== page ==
Traci des Jardins, Sean Brock, Michael Cimarusti, Gavin Kaysen, and Donnie Masterton are dining with us, all of them amazing chefs. Like amazing amazing. The kid’s table, at which I am the head, is made up of Sean, Traci, Gavin, and Gail. It is a super table. At the table I decide to hold true to the tourist warning of not drinking the water. I thus only drink wine and the phenomenal beauty of Casa Dragones tequila, a concoction that will make me sleep soundly (but probably by dessert) on the table.

Mei hits us with an octopus that I really, really like. It resounds with flavors of coconut, avocado, and fish sauce. It is deep. The only flaw is that maybe it is a bit over done. The over cooking made it kind of crunchy and she could easily have been cooking it to that point on purpose. Second course from her is a congee, with peanuts, carnitas, egg yolk, and hot sauce. It is so f----ing delicious. Like stylized comfort food that you just want to eat all the time. Comfort food, when perfect, is perhaps the hardest food to cook, because it is by definition food you are very familiar with, resulting in people having a lot of preconceived notions about it. This congee would have silenced all critics on congee. It was that good.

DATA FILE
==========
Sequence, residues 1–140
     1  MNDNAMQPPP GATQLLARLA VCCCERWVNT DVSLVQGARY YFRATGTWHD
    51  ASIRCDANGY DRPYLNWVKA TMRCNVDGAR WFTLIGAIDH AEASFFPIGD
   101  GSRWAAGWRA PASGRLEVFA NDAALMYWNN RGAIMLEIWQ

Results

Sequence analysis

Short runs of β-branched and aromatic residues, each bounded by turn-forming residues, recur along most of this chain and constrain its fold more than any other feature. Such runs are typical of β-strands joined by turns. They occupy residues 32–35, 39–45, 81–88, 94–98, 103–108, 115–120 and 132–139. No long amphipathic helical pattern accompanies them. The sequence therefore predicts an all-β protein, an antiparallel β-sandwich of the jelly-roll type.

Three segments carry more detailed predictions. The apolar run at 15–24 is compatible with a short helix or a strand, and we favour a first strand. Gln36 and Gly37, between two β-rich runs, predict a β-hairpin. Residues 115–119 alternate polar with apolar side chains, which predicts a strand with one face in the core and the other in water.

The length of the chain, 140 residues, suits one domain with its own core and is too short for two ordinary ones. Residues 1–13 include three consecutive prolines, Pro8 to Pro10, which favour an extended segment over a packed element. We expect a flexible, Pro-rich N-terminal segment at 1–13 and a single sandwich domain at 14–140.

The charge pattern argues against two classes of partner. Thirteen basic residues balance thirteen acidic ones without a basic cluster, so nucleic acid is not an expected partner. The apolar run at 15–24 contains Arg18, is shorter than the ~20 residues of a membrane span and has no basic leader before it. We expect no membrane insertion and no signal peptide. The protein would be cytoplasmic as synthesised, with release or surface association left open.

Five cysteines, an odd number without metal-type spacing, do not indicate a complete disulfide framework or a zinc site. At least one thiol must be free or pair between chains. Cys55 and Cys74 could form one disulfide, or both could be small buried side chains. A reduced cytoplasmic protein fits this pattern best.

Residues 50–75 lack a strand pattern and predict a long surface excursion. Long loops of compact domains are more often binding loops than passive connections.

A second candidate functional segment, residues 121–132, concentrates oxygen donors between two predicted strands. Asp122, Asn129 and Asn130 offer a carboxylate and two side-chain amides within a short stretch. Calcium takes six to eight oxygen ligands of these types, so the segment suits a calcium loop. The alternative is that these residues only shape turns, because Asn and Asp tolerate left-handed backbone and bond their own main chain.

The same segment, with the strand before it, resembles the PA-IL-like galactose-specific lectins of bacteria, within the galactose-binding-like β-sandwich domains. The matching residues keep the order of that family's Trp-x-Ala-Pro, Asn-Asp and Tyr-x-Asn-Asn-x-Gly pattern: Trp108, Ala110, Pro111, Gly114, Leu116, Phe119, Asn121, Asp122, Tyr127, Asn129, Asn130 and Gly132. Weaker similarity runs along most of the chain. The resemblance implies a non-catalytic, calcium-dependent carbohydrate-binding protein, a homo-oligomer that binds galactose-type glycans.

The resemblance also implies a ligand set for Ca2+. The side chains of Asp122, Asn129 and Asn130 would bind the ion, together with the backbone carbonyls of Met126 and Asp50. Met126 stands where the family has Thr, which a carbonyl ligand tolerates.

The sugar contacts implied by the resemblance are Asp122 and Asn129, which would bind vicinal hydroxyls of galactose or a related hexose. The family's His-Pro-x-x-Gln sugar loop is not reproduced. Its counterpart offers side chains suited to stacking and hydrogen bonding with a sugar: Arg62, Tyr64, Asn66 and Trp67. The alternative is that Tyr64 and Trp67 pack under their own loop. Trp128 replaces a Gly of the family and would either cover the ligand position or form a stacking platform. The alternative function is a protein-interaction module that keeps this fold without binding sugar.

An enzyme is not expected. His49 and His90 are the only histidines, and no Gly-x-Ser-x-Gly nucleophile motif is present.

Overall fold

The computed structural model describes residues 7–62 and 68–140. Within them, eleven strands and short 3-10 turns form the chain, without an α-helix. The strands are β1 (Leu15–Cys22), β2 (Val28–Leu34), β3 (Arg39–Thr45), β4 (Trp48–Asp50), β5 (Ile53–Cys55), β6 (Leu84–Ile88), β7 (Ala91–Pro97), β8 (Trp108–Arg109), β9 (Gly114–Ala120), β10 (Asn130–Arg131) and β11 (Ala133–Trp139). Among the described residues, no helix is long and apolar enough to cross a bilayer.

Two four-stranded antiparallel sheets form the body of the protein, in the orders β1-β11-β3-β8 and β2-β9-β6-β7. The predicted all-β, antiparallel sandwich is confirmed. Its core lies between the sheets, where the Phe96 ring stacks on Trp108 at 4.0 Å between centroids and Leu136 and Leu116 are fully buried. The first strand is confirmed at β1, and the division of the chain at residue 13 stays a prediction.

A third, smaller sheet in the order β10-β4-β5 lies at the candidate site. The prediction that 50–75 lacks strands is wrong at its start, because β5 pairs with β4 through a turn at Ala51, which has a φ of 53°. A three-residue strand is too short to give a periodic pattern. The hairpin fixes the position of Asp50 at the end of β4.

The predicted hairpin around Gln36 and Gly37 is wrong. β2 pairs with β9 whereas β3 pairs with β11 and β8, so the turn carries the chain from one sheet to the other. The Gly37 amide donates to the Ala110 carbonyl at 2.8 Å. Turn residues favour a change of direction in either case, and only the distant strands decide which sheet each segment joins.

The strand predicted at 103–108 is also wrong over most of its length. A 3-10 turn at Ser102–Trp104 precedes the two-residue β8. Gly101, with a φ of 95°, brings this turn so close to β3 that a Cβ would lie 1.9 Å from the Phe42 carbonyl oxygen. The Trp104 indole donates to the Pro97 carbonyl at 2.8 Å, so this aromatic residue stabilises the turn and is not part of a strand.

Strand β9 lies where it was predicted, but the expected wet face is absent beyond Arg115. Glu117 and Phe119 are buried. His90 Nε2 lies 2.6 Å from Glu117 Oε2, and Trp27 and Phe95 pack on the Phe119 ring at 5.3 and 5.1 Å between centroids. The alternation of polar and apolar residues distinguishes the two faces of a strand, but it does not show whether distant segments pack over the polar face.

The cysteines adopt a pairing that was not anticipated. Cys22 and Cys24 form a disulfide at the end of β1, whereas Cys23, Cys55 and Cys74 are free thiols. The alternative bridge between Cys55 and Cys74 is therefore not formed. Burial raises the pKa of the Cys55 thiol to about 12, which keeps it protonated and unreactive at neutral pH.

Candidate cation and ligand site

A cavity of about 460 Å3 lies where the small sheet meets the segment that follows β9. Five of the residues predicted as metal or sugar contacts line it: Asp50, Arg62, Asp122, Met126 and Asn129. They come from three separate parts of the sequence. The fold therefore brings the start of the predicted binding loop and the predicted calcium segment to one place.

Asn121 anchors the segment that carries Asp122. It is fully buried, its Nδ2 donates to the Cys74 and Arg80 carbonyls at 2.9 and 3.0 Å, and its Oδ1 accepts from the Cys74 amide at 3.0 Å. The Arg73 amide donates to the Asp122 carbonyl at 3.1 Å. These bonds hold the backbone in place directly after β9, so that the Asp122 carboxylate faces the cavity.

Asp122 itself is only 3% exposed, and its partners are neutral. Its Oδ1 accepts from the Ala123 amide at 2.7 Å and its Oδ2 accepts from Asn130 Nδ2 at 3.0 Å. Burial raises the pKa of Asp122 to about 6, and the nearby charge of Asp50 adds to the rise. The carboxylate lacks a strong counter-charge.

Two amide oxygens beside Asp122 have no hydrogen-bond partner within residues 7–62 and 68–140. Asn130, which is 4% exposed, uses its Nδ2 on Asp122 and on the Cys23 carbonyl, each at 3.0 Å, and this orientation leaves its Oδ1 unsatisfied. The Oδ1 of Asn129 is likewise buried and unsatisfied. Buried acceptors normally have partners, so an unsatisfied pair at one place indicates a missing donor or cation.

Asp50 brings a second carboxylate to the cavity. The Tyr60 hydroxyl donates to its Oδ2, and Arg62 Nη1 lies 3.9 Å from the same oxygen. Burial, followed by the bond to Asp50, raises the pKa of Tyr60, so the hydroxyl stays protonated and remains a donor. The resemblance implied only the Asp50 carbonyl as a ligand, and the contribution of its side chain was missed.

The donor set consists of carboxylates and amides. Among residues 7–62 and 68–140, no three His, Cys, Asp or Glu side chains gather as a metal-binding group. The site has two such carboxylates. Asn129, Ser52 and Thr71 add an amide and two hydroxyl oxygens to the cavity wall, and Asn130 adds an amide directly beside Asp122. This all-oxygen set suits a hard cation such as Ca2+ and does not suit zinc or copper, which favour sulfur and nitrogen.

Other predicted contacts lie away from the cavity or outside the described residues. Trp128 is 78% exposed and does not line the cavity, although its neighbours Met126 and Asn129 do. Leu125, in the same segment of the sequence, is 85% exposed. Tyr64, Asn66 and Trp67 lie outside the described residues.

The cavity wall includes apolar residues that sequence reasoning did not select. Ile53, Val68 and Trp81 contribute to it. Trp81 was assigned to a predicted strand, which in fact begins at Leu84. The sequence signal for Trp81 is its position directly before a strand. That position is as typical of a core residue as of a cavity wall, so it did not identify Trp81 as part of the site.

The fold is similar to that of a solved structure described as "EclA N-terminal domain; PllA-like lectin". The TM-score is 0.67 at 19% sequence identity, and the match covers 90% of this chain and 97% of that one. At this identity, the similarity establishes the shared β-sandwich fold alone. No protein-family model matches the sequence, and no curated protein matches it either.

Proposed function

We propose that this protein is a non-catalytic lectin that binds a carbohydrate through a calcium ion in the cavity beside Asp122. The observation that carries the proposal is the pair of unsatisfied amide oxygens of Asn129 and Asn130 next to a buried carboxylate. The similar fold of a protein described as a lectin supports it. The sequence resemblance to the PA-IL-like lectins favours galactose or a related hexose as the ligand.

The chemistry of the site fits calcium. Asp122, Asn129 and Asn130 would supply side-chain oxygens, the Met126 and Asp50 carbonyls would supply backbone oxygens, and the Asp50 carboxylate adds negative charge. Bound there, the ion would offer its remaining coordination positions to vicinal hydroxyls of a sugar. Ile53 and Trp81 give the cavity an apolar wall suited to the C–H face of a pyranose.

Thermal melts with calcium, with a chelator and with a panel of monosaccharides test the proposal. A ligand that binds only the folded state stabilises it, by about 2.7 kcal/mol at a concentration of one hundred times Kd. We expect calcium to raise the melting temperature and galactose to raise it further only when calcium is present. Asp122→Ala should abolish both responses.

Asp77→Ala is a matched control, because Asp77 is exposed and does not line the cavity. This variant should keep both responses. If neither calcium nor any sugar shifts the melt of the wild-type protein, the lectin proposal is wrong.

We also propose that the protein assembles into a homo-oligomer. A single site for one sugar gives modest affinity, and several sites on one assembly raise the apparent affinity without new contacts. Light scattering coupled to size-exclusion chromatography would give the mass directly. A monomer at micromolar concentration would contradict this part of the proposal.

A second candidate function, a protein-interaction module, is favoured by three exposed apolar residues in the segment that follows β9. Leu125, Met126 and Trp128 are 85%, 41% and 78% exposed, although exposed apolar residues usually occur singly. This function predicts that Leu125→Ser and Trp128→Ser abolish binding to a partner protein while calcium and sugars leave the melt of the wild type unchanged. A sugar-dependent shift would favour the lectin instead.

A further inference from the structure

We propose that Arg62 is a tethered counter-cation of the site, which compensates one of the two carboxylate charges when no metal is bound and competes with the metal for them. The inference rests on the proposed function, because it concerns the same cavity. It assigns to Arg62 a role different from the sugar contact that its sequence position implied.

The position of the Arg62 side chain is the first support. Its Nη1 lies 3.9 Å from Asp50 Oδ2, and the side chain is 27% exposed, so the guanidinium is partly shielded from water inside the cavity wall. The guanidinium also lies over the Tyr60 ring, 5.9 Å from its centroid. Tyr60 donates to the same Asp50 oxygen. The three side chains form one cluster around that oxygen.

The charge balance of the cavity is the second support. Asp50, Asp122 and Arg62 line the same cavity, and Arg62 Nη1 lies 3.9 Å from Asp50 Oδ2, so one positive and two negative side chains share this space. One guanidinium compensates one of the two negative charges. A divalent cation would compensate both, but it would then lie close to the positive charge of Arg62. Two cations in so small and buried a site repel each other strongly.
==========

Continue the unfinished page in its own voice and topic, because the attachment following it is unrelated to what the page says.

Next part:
Mei is gliding through this meal. She has palpable confidence, but is still a nicely soft-spoken leader. In my years of watching people lead kitchens, I have always been more taken with the allegiance that soft-spoken leaders cultivate in their staffs. Her third course is a duck course, and like the congee, she has cooked duck at least twice this season, but in entirely different ways. This duck has kimchi, braised lettuce, and huitlacoche on the plate. Huitlacoche is corn smut, a term I just yelled in a coffee shop, making everyone uncomfortable. It is a good plate, but my refrain about duck skin continues. It was a bit chewy. All in all, the dish just was texturally challenged. It needed a crunchy texture. But it was good still. Her last is her version of yogurt dippin’ dots with strawberry-lime curd, milk crumble, and stuff. It was blow-you-away amazing. Very complex, but very successful. Tom says it is the best dessert on Top Chef he has ever had, and I definitely concur, though he has tasted many more than I have. The toasted yogurt base was amazing.